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Always an interesting yard to visit. This visit showed Matador WDW542K - still working for a living - and PDW321, the Diamond T wrecker.

Bowen's tipper was a recovery casulty. I always noted these because they often became part of Wynn's fleet. Don't recall the bus on the right though!

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Yard Shunter 108 was ex Royal Navy. For saw service with Wynns.

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One of eight Foden GS flatbeds used by Wynns. 177/EDW602 was registered in April 1948. Two of them went off to BRS on the first nationalisation and four more went with the second.

The crane is a Lorain bought in August 1958.[268/PDW504]. It later moved to sister company Wynn Engineering.

I should saw registered not bought. The company always had military units in the yard either for spares or sometimes to register and use when needed.

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Seen in the same yard as the photo above. Going by the tidy state of the yard, I think this is likely to be one of the last three of the seven Pacifics with registrations. There were a couple of armoured chassis in the [then] second yard. I assume these were used as a base for the later builds.

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Here a picture of a Diamond T hard at work for Wynns.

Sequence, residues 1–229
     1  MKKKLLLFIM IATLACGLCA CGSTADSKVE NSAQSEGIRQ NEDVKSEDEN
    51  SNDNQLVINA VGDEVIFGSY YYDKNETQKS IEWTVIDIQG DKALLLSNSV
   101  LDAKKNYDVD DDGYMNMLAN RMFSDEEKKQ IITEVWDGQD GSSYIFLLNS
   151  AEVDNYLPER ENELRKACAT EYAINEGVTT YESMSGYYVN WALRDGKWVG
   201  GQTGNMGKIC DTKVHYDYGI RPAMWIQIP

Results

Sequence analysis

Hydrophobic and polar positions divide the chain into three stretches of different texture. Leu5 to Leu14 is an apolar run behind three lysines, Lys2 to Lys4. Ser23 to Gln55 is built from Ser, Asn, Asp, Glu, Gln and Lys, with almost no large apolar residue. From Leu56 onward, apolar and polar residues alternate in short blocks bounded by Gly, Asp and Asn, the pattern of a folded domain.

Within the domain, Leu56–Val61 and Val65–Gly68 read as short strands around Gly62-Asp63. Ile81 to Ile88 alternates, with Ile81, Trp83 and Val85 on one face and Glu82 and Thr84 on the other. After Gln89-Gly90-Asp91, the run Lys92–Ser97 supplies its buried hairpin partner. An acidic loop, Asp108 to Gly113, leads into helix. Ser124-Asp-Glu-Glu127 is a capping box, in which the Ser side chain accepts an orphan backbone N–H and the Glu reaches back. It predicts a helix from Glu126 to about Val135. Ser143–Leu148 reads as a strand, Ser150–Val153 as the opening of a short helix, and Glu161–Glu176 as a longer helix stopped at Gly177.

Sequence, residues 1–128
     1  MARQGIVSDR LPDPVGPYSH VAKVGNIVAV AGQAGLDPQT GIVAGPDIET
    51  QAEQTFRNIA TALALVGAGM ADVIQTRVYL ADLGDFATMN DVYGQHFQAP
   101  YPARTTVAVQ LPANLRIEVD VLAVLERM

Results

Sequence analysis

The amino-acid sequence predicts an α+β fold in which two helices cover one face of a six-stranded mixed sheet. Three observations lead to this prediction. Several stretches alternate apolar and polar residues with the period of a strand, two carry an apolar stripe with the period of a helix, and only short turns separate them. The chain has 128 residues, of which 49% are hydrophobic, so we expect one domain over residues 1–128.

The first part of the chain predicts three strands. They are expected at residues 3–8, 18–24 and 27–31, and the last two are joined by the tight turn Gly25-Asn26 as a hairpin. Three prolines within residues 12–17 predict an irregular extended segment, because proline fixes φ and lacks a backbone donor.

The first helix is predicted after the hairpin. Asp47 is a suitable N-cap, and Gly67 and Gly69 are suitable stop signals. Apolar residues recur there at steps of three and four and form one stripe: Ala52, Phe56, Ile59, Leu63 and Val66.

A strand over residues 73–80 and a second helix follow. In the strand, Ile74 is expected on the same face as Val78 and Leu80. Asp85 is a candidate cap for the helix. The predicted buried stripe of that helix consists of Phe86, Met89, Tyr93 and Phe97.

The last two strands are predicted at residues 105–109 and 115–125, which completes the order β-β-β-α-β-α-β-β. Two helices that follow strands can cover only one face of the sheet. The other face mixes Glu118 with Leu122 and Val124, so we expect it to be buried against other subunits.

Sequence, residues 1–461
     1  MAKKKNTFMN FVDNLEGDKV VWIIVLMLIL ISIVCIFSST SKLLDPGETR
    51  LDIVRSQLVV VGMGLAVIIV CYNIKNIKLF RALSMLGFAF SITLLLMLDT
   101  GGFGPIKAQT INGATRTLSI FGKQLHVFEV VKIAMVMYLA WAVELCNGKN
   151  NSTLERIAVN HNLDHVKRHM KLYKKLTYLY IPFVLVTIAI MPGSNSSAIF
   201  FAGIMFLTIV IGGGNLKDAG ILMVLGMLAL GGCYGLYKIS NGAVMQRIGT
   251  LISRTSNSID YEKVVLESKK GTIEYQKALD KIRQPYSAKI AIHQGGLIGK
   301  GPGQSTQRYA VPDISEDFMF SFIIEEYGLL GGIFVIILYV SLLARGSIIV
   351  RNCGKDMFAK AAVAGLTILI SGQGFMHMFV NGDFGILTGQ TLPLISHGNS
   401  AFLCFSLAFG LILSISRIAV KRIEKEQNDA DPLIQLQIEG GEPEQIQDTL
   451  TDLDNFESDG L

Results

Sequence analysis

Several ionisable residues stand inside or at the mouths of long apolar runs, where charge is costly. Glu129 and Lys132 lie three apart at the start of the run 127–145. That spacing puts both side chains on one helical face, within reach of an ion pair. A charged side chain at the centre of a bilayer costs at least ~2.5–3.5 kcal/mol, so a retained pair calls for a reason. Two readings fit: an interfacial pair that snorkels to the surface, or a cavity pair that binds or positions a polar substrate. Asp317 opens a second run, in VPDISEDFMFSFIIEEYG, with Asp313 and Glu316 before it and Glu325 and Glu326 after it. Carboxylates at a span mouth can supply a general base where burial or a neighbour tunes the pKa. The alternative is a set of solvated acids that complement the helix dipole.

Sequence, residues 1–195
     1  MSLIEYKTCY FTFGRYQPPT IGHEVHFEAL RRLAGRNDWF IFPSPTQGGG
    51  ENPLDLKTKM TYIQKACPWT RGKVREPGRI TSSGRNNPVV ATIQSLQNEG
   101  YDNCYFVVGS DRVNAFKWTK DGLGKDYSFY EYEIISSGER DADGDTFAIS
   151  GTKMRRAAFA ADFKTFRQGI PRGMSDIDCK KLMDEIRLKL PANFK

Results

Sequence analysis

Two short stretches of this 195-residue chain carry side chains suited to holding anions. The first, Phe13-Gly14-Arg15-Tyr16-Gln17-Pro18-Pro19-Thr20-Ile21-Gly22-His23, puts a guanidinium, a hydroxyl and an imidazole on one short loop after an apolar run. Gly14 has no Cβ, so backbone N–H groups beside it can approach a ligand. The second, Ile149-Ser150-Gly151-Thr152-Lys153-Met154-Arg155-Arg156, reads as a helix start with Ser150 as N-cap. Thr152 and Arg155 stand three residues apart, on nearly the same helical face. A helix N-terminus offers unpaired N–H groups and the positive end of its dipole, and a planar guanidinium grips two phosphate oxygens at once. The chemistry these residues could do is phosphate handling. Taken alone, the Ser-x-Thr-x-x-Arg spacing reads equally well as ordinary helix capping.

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UW i have a lot of stuff on Wynns but you seem to finding items i have not seen, very interested to see the ex military Foden DG6/12 trucks it is one i know of but that is the first picture i have seen of one got any more. When i am next in conversation with John Wynn i will try to jog his memory to find out what bodies were on them when they purchasd them, i would imagine they came via a military auction

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Les

They were all DG/10s with single rears and hoop/sheets bodies. They would have all come from an auction but I have no records of these being sold anywhere at that time. Judging by the chassis numbers they were most likely all bought at the same time. I only have details of them running as flats with Wynns or BRS.

Details are:-

176 EDW601 4/48

177 EDW602 4/48

65 FDW60 11/48 Ch 24148 New 4-7/45 To Pearse Haulage BRS 1G29

66 FDW61 11/48 Ch 24404 New 12/45 To Pearse Haulage BRS 1G30

181 FDW181 1/49 Ch 24146 New 4-7/45 To BRS 1G375 6/51

182 FDW182 1/49 Ch 24132 New 4-7/45 To BRS 1G376 6/51 Sold by BRS 2/54

183 FDW183 1/49 Ch 24406 New 12/45 To BRS 1G377 6/51 Sold by BRS 2/54

184 FDW184 1/49 Ch 22146 New 12/42 To BRS 1G378 6/51 Sold by BRS 2/54